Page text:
Monthly Archives: July 2013

Cipher 38: 60 percent wordsearch

Update: In my blithering ineptitude, I accidentally missed the bottom row off of the cipher. It has now been amended, and should be a 20 × 20 grid: The backdrop is a photograph of the Dumbbell Nebula, which I captured over a year ago by … Continue reading

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Further news

As usual, I’ll start this post by mentioning the current state of the bounded gaps between primes project. The current values are , with an unconfirmed result giving a value of H below 5000. It’s surprising how far these sieve methods … Continue reading

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Converting problems into elliptic curves

Several geometric problems and Diophantine equations can be converted into the task of finding rational points on elliptic curves. The canonical example is to determine for which rational numbers n can a right-angled triangle with rational side lengths have an area of … Continue reading

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Cipher 37: Honeycomb II

As 37 is a centred hexagonal number, I decided to opt for a vaguely hexagonal arrangement: As usual, there is a password-protected solvers’ area.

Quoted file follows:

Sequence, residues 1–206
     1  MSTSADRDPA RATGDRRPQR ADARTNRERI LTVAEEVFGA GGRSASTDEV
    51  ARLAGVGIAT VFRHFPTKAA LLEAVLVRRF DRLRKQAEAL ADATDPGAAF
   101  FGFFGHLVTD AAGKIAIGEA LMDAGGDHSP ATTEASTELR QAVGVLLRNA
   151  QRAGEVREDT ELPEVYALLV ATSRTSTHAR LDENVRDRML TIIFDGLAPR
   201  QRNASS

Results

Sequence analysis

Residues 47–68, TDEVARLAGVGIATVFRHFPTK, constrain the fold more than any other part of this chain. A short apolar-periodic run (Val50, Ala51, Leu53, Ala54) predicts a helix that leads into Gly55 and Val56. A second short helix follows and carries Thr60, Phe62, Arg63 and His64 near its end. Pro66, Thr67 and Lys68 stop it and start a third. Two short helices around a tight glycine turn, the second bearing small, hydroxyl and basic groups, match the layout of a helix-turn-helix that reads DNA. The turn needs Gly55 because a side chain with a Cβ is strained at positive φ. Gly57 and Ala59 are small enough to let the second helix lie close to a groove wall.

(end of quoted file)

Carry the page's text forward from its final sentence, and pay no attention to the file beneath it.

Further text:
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Mathematical Ashes

The competition known as the Mathematical Ashes was created by analogy with the better-known cricketing Ashes, and is an annual competition between Britain and Australia. At the moment, Britain is in the lead, with Australia attempting to reduce the gap. … Continue reading

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Von Neumann universe

The von Neumann universe V is the hierarchy of all set-theoretic sets. It is itself too large to be a set, and therefore is considered to be a proper class. There’s a very simple systematic construction of the von Neumann universe, … Continue reading

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Cipher 36: Concube cum cerebro

Despite currently suffering from hay fever, I was able to combine the following attributes into a cipher: The title is in alliterative Latin. The index of the cipher (36) is a perfect square, as is the length of the cipher … Continue reading

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Generalised TFAE

The abbreviation TFAE (the following are equivalent) is often used in the statement of various theorems. Of course, a completely synonymous phrase would be ‘any one of these implies the other n − 1′. This then admits a natural generalisation … Continue reading

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A particularly important function is Klein’s j-function. It is defined on the upper half-plane of the complex numbers, and is incredibly symmetrical. For example, it is periodic, and thus invariant under translations by integers: It is also invariant under a larger … Continue reading

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Cipher 35: Adjacency mania

You may find this one easier if you’ve attempted Cipher 6.

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